President Donald Trump used made up Hispanic names as he predicted that his supporters would react with delight if he threw criminal immigrants out of the United States in a manner to match his rhetoric on the campaign trail, according to a Washington Post report Thursday. The scene is said to have played out in the Oval Office shortly after his inauguration last year, the night before his first speech to Congress.
Also in attendance were the president’s son-in-law, and senior adviser, Jared Kushner, as well as senior policy adviser Stephen Miller. Both laughed at Trump’s use of fake Hispanic-sounding names and description of potential crimes, like rape and murder, they could commit, The Post reported.
A senior White House official responded to The Post that, while the president did discuss the “crowd enthusiasm for crackdowns on criminal aliens,” he did not use Hispanic names. The White House did not immediately respond to Newsweek’s request for comment.
The scene was described in the context of a report of Trump’s growing frustration with his Homeland Security Secretary Kirstjen Nielsen. A New York Times report earlier this month stated that Nielsen almost resigned over a particularly severe dressing down from the president over what he said was her failure to prevent more immigrants from entering the country illegally. Nielsen later denied that she threatened to resign.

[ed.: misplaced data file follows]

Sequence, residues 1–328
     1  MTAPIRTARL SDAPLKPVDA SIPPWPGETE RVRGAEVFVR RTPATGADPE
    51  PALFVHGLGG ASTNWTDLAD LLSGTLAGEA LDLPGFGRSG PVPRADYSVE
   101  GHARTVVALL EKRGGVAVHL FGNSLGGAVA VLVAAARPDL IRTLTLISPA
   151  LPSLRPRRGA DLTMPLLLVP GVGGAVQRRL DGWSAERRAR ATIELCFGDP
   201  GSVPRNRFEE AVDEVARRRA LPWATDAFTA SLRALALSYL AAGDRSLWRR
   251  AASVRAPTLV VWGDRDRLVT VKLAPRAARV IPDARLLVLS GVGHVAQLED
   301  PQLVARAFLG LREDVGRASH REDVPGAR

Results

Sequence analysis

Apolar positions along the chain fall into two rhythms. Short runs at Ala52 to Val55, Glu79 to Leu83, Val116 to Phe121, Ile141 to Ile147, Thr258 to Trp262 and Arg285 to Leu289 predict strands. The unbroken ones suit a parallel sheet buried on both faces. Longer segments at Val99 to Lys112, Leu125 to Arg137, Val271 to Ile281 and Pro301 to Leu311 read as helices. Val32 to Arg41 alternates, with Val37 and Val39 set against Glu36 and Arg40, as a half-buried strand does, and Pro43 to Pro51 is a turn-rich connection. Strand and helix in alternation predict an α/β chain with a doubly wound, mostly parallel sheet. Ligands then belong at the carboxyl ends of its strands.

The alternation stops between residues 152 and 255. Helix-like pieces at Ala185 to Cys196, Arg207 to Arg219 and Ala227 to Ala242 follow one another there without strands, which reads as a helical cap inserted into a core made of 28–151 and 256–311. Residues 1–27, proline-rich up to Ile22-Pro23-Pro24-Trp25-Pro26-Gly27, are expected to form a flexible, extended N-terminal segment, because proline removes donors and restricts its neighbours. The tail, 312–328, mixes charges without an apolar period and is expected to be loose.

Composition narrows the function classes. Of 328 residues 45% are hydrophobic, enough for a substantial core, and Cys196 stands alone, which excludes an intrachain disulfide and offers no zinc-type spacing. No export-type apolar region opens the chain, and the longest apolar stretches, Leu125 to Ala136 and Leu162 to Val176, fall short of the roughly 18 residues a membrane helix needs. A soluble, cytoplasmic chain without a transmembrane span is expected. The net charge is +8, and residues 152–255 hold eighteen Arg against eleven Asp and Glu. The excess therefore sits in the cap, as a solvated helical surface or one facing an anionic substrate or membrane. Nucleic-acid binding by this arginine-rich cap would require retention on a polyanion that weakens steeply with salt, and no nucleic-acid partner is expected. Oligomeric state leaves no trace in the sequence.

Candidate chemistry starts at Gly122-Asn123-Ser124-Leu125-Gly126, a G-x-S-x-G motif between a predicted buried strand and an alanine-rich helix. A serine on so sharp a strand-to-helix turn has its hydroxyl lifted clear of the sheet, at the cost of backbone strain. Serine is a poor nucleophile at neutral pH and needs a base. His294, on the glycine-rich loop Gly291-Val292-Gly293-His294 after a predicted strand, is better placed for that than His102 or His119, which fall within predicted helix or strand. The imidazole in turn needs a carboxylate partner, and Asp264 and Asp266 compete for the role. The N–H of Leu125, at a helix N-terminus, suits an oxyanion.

Trump has made securing the nation’s borders a focus of his message since the very beginning of his insurgent run for the White House. When he announced his candidacy in the summer of 2015, Trump talked about Mexican immigrants as rapists, drug dealers and criminals.
Since entering the White House, he has converted that rhetoric into policy, issuing a series of controversial travel bans, repeatedly pushing for a wall on the entire U.S.-Mexico border and sending National Guard troops to the border.
Behind the scenes, Miller is believed to be an important voice in those hardline immigration policies. In an interview with Breitbart published Thursday, Miller said: “The big fight this summer is going to be with the open borders Democratic caucus in Congress.”
Kushner, in contrast, has been widely portrayed as a moderating voice on a range of issues, including immigration. Along with his wife, Ivanka Trump, he was a former Democratic donor. However, as time has moved on both he and Ivanka Trump have been criticized for not sufficiently reining in the president’s more hardline urges.
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